All previous influenza pandemics — 1918 Spanish flu, 1957 Asian flu, 1968 Hong Kong influenza, and 2009 H1N1 — came to an end when herd immunity acquired naturally reached a certain threshold. So can India and other countries rely on this to tackle COVID-19 till effective vaccines and anti-virals become available?
With the number of novel coronavirus cases reported so far continuing to increase in most States even during the nationwide lockdown that came into force on March 25, India faces a challenging of containing the virus spread as the May 3 deadline for lifting the nationwide lockdown is fast approaching. With the number of cases increasing from 519 on March 24 to nearly 28,000 on April 27, the lockdown has indeed prevented an explosion of cases.
As the World Health Organization had pointed out on March 25, the unprecedented measures of national shutdown can only buy time and reduce the pressure on the healthcare system. But itself, it cannot “extinguish epidemics”. Contrary to the WHO’s advice of using the opportunity to carry out more precise and targeted measures to chase and contain the virus, there has been no concerted efforts to aggressively test and isolate positive cases even in hotspot and containment areas.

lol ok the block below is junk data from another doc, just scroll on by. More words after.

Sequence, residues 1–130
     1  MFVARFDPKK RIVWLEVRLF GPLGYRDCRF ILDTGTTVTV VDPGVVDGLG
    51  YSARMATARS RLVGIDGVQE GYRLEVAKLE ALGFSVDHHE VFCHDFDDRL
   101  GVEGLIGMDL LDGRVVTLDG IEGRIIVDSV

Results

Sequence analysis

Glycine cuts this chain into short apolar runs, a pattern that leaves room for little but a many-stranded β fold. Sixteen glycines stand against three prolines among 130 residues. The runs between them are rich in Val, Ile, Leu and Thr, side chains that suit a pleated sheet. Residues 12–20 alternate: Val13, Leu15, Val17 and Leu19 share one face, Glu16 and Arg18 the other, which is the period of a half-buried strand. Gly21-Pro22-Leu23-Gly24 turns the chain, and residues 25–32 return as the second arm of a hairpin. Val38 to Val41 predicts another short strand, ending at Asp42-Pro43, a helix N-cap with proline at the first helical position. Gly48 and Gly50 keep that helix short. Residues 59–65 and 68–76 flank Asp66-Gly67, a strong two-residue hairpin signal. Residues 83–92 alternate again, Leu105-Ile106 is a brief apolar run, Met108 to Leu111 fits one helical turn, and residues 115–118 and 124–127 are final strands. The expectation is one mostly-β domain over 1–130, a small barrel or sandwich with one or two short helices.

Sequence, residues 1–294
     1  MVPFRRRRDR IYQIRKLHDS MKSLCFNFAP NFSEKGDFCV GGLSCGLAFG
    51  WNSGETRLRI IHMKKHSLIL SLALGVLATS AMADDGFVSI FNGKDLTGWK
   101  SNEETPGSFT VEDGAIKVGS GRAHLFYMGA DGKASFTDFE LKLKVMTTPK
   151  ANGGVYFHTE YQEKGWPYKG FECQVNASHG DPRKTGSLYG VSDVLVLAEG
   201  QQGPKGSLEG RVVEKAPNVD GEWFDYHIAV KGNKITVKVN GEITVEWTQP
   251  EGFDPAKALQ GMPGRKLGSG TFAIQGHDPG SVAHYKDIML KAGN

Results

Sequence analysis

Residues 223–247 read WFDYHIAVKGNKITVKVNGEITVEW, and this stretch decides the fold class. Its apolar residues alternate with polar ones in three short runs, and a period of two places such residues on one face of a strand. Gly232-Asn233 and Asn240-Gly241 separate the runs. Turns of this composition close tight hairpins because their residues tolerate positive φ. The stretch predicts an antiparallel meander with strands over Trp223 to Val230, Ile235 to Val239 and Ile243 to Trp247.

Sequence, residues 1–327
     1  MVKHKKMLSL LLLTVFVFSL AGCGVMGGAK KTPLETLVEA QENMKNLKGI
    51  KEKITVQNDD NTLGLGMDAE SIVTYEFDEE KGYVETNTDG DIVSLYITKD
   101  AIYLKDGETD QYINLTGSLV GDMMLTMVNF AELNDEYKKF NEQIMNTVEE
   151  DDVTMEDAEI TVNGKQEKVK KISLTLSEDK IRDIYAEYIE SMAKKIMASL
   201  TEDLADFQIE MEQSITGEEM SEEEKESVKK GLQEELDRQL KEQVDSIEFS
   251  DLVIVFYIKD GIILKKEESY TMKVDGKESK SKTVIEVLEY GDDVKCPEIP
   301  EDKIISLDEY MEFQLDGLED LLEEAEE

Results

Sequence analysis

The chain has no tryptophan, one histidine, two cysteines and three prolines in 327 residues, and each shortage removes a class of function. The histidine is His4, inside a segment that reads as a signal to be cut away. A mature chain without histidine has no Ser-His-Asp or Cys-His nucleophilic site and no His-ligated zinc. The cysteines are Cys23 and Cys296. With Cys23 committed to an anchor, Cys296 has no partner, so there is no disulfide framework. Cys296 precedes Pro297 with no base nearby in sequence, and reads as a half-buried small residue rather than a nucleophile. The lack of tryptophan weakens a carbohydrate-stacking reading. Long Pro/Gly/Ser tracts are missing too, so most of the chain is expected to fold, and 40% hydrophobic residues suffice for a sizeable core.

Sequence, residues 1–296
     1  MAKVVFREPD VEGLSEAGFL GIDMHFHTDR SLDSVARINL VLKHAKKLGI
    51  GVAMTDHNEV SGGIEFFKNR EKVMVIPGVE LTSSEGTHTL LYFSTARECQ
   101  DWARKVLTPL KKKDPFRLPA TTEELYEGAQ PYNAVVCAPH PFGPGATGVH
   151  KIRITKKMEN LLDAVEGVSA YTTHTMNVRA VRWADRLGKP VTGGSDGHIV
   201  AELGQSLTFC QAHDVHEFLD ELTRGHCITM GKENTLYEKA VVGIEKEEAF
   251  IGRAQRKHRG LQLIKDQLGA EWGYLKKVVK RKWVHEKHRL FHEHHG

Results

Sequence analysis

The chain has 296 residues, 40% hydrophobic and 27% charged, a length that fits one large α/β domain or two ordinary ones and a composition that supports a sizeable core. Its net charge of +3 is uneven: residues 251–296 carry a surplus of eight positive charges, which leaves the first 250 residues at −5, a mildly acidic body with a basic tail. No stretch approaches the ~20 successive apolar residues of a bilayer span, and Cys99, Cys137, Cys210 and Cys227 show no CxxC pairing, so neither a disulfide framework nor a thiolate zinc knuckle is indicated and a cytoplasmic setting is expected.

In light of that, will extending the lockdown become a default option as was done after the first phase of restriction ended on April 14 even as the government believes there is no community transmission yet in India. Or as many experts have been advocating, will India bite the bullet and opt for lifting the restrictions in a phased manner?
There are more cases than recorded
Dr. Giridhara Babu, an epidemiologist at the Public Health Foundation of India, Bengaluru and a member of the CoVID-19 task force of Karanataka and Dr. Jayaprakash Muliyil formerly with Christian Medical College say that without doubt there will be an increase in the number of cases once the lockdown is lifted. Particularly so as no effort to hunt the virus was taken during the lockdown period. But a careful, graded approach to lift the restrictions can still help prevent a huge spike in cases and concomitant straining of the healthcare system.